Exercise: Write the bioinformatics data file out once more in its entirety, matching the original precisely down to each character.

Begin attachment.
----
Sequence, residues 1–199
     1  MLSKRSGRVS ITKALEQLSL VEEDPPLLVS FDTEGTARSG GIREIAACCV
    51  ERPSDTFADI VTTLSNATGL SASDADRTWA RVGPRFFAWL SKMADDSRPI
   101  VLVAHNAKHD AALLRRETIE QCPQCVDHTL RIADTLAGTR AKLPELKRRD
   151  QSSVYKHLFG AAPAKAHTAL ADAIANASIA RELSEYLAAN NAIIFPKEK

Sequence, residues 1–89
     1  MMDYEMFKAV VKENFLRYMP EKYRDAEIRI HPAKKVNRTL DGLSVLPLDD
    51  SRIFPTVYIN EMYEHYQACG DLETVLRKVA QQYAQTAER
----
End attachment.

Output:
Sequence, residues 1–199
     1  MLSKRSGRVS ITKALEQLSL VEEDPPLLVS FDTEGTARSG GIREIAACCV
    51  ERPSDTFADI VTTLSNATGL SASDADRTWA RVGPRFFAWL SKMADDSRPI
   101  VLVAHNAKHD AALLRRETIE QCPQCVDHTL RIADTLAGTR AKLPELKRRD
   151  QSSVYKHLFG AAPAKAHTAL ADAIANASIA RELSEYLAAN NAIIFPKEK

Sequence, residues 1–89
     1  MMDYEMFKAV VKENFLRYMP EKYRDAEIRI HPAKKVNRTL DGLSVLPLDD
    51  SRIFPTVYIN EMYEHYQACG DLETVLRKVA QQYAQTAER